After seeing such a great example of a classic look in that Ferrari, I looked back at my Multistrada. By comparison, today’s motorcycles designs place them on a different planet, it is science fiction. While the Streetfighter looked like a transformer, caught in the process of changing from something into something else, the Multistrada with the Pikes Peak carbon windscreen looks like a bug or some alien being. And when with the plexiglass windscreen and that narrow beak with two air intakes it looks like a bird. Where are those nice round shapes of many years ago? I predict that sooner or later we will see new designs that will explore the round shapes again, not as a recreation of a vintage motorcycle, like the Ducati 1000 GT or the Triumph Boneville or the Moto Guzzy V7, but as new designs of new motorcycles. Somehow the Ducati Monster, celebrating its 20 years now, was a retro design on a new bike.
I jumped back on the bike and continue south, hoping to see the Ferrari parked on some of the look out areas. It did not happen.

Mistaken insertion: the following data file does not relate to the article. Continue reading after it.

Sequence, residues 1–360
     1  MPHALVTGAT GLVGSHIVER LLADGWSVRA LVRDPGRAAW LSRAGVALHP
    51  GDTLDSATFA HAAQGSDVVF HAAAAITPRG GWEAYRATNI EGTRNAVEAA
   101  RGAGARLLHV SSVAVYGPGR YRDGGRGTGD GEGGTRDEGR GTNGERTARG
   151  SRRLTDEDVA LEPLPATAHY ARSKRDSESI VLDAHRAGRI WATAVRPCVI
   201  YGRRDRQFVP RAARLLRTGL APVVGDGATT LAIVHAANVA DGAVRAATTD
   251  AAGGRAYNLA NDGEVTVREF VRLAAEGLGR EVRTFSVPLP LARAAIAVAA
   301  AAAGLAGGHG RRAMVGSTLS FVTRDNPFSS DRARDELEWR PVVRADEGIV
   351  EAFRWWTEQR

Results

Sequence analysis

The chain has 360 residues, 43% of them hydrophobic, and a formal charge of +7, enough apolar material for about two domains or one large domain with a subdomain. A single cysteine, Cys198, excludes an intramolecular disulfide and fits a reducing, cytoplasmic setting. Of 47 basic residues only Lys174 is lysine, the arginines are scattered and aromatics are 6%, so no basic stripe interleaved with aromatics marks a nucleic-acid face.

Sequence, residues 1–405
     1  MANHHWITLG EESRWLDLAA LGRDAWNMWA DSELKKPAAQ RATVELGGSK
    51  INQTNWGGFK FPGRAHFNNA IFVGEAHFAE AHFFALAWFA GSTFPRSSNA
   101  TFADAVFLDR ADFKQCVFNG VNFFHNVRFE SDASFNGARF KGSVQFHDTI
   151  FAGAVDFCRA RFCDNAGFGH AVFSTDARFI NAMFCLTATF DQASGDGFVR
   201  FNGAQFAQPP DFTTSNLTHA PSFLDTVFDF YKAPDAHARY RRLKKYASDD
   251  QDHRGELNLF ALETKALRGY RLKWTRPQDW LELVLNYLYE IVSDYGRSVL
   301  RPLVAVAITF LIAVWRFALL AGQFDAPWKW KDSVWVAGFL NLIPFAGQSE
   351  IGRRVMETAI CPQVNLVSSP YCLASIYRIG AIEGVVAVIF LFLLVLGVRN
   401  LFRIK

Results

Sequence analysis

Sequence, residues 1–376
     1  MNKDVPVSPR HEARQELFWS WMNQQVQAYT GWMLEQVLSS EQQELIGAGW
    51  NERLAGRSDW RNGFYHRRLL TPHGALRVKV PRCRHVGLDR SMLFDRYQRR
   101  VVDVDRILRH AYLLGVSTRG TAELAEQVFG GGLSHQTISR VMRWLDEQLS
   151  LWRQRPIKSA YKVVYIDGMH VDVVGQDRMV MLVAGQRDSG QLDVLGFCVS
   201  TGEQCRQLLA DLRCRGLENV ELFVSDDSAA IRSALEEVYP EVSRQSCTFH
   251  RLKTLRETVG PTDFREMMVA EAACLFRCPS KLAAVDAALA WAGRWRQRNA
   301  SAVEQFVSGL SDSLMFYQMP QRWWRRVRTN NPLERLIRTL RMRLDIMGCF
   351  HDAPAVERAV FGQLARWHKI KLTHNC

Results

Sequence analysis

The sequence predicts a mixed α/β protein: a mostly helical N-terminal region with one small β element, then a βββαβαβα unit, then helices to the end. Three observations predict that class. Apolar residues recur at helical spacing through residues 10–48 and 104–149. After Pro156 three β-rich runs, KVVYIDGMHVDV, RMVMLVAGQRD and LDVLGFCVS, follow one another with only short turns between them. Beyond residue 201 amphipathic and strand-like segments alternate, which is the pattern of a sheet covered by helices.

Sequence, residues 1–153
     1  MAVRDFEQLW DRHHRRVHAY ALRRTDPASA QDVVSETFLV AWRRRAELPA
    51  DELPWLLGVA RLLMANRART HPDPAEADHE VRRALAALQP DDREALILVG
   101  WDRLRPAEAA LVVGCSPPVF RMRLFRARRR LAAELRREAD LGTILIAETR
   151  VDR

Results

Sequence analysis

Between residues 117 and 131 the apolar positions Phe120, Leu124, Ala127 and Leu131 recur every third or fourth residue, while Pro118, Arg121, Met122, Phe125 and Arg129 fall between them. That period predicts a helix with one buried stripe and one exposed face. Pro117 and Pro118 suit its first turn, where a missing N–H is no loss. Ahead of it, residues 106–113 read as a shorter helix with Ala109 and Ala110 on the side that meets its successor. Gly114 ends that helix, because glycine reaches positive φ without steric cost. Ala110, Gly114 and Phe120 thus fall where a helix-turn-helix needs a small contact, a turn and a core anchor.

I kept going south towards Florence. Here is a view looking north towards Yachats on this gray and foggy day.
I stopped at the Heceta Light. I’m glad to know their renovations have been completed.
Similar profiles: the mountains and the bike’s front.
From there I just rode all the way back home, with only one stop at the gas station for more non ethanol fuel.
The total between yesterday and today, 315 miles, puts the bike half way to the first service, at 620 miles. I noticed the fuel economy is improving already. Before my first fill up it showed 38.5 mpg. On the second fill up it jumped to 39 point something. On my way back home at the last fill up it was indicating 42+, and on the last stretch, where it is mostly in the valley and with some traffic, so I was riding more slowly, it indicated 43.9 mpg as an average.
This means if I ride conservatively this bike can go beyond 200 miles between tank fills. That is pretty good, almost the same distance as the Tiger can go.